A quick shout-out to jaded film types who think they have seen it all: think again.
Then go and see The Dark Knight Rises. Now you have seen it all. As you were, then.
Christopher Nolan changed everything when his Batman Begins brought to life the Batman I’d always dreamed of — no, actually, that’s not entirely correct, because the truth is that the Batman films I dreamed of were nowhere close to as good as what Nolan created. But what he created was the Batman I had been waiting for all my life, even though I didn’t know precisely what it was I was waiting for. Batman Begins made me feel, “This is Batman, this is what Batman was always meant to be, what he has for 65 years been journeying toward, and now he’s made whole at last.” So it was a shock when, in 2008, magic happened and Batman got even better on film. The superhero in cinema was redefined, the simple notion of “comic book genre” rendered obsolete, by The Dark Knight. It was a crime thriller, a police and gangster drama set in a world we could recognize as very close to our own, and in which the main character happened to wear a Batman costume. After seeing it, I had the feeling that “my” Batman, the one I’d been waiting for, was now fully formed, and I admit I didn’t know if it would be possible for any future Batman films to live up to what The Dark Knight delivered.
So it is that I walked into the theater to see The Dark Knight Rises with very mixed emotions. This was the end of an era, the final act in the story of “my” Batman. The character whom I’d known and loved as a child, who saved me on many occasions from sadness and let my imagination grow to escape the confines of a small world, had come to be embodied fully in this live-action incarnation that was everything I could hope for in a Batman film series… but now it was all going to be over in less than three hours’ time. I’d never again experience the anticipation of this Batman returning, of walking into a theater with this excitement for a new Nolan Batman movie. Something that had been with me as long as I could remember had come to life in front of my eyes as an adult, and now it was going to go away forever. As much as I was excited and ready to see this film, then, I was also a little sad and overwhelmed by the mixed feelings involved.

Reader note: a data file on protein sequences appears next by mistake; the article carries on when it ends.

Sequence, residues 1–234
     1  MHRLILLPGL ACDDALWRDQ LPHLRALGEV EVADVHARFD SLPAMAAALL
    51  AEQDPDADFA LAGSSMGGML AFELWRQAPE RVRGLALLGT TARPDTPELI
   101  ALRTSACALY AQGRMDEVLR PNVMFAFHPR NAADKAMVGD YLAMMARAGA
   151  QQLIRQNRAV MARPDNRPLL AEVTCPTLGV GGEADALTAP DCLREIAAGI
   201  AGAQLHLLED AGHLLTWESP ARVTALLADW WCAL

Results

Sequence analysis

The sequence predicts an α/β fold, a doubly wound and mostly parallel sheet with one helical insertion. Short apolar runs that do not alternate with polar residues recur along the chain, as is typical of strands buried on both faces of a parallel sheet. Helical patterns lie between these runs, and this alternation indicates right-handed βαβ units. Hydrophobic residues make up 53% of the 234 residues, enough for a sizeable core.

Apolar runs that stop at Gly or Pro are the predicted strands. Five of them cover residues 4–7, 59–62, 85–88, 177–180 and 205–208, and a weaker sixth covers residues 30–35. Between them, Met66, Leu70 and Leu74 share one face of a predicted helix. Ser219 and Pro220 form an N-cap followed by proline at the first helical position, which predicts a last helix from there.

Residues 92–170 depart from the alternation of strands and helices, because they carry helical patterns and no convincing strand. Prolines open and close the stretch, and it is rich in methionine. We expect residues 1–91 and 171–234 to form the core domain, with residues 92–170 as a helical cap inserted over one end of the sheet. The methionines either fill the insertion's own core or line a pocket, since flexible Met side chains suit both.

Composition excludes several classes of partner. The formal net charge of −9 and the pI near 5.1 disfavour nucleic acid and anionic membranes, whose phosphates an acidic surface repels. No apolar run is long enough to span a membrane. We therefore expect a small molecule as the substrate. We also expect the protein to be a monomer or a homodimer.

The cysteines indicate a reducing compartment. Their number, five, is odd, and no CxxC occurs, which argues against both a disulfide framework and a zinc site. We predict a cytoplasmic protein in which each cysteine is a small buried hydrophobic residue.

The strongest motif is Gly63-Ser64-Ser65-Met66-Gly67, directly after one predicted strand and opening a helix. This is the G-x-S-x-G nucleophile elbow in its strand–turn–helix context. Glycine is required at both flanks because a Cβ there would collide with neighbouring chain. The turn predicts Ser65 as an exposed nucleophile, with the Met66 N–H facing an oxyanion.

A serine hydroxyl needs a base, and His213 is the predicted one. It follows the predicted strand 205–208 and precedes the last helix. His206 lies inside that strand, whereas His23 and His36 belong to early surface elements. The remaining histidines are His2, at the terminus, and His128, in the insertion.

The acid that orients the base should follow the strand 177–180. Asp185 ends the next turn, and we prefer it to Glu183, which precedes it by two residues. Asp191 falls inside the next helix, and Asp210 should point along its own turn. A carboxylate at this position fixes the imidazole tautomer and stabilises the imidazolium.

I also had some fear that it might just be impossible for any Batman film to have the same impact as The Dark Knight, including but not limited to the obviously amazing and performance delivered by the late Heath Ledger. He was mesmerizing, he was surprising and beautiful, he was perfect. It’s a performance that helped define The Dark Knight, and it came to represent just how transcendent the film and the franchise had become. Without that — no, in the shadow of that — could any sequel hope to compare? Might it try too hard, push too far, and come up short?
The Dark Knight Rises does try hard, it does push far, but it doesn’t come up short. Oh, no, it is not content to merely be a worthy sequel, nor is it even content to be just a fitting third chapter in a great trilogy. It is not, I tell you, even content to dare to match the quality and brilliance of The Dark Knight. This newest film tries harder, pushes farther, and comes up with the finest Batman film of all time, the greatest superhero or comic book adaptation of all time, and the best film of the year.
As for the rest of us - especially those who appreciate an action blockbuster with brains and brilliance to accompany the brawn - The Dark Knight Rises is a genuine wonder to behold.
To complete his astonishingly ambitious Batman trilogy, filmmaker Christopher Nolan swings for the fences as if his life and your faith in major motion pictures depends on it. Not only does Nolan, as they say, hit the ball right out of the park, he smacks the thing right out of this world. As the stunning crescendo that ends The Dark Knight Rises reaches its absolute apex, your jaw will have already bought a one-way ticket to the floor.
Where to start in nailing how The Dark Knight Rises scores such a triumphant result?
An amazing screenplay is as good a place as any. With so much to remind us of, and yet, so much fresh ground to cover, the complex plotting of the tale is almost impossible to summarise.